AT&T to cut 3,500 in business division

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The Independent Online

AT&T will slash 3,500 jobs in its business services division and take $1.5bn (£940m) in fourth-quarter charges, mainly to reflect losses on investments in its Latin America subsidiary.

AT&T will slash 3,500 jobs in its business services division and take $1.5bn (£940m) in fourth-quarter charges, mainly to reflect losses on investments in its Latin America subsidiary.

The US long-distance telecoms giant disclosed last month that it would be cutting jobs in the business division but had not revealed the number, which represents nearly 5 per cent of the company's workforce. AT&T will take a charge of $240m, or 20 cents per share, in the fourth quarter to cover the costs associated with the cuts.

Slightly more than half of the staff affected are in management, AT&T said, and most of the cuts will happen in the first half of this year through a combination of layoffs and voluntary measures. The company said the cuts were made possible by improved operations and automation and were not indicative of the outlook for the business division.

AT&T said it would take a $1.1bn write-down on its Latin America investments, amounting to about $1.40 per share. AT&T said last year it would cut off its financial support of AT&T Latin America, which provides voice and data services, primarily to businesses, in Brazil, Peru, Chile, Colombia and Argentina.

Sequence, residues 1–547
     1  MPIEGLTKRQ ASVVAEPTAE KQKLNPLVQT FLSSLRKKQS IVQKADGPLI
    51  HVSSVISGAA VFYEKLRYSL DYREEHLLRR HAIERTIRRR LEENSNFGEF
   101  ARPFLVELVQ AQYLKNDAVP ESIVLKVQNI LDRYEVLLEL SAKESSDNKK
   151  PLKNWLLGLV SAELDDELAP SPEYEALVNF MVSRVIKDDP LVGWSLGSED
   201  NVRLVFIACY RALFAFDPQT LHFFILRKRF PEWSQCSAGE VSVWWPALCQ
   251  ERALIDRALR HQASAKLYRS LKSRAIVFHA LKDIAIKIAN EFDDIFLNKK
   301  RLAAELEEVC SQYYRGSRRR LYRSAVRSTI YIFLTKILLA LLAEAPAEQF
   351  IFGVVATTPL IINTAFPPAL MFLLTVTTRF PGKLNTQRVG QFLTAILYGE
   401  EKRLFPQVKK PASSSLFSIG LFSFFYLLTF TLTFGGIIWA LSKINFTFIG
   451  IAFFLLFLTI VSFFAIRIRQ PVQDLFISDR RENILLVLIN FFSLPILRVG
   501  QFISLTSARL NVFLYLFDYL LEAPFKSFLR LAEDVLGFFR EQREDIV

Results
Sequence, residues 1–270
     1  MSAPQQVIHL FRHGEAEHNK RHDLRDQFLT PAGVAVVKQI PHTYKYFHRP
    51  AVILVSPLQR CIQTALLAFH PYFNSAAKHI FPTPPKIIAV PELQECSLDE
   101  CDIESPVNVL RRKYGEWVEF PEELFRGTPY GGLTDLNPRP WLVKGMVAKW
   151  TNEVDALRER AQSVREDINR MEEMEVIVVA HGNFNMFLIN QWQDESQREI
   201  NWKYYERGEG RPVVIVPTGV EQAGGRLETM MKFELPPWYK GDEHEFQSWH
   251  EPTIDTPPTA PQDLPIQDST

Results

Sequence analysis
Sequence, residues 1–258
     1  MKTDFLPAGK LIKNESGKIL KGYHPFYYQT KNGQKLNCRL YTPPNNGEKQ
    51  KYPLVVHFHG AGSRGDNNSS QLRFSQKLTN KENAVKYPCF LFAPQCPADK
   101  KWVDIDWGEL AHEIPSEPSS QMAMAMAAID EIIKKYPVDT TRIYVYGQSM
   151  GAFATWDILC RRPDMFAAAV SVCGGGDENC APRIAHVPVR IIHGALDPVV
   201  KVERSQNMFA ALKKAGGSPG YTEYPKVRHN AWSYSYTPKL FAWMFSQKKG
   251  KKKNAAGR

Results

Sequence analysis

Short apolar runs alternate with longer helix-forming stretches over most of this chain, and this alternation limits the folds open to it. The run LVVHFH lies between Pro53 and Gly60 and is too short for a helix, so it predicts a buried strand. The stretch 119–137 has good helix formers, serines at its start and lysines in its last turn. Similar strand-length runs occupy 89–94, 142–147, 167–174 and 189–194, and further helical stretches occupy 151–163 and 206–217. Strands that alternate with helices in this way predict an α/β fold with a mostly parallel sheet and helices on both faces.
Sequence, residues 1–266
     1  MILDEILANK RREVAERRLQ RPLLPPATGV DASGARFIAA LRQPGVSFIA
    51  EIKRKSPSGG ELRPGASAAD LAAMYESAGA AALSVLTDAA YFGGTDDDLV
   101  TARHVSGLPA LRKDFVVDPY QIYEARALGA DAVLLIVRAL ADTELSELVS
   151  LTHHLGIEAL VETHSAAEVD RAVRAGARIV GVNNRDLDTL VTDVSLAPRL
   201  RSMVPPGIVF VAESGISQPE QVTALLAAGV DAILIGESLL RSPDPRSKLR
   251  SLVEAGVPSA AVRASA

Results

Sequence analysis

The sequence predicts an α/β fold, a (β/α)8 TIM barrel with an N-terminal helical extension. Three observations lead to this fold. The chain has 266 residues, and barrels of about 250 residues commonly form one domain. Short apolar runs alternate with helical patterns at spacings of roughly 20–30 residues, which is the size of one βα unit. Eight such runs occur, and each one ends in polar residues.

Additionally, AT&T extended an agreement to offer its customers high-speed internet service from Covad Communications. Because AT&T will be using Covad'snetwork primarily instead of its own, AT&T will take a $200m charge, about 15 cents per share, to reflect the lower value of its network assets.

AT&T is set to report fourth-quarter results later this month and analysts predicted the charges would wipe out any profits. "This will overwhelm any gains they'll have for the fourth quarter and will make them unprofitable for the year," Richard Klugman, an analyst at Jefferies & Co, said. Paul Wright, an analyst at Loomis Sayles & Co, said: "Bringing down costs is the only thing they've got going for them until the economy turns around."

AT&T shares, which have fallen by almost 30 per cent over the past year, were down 18 cents at $27.48 in morning trading on the New York Stock Exchange.

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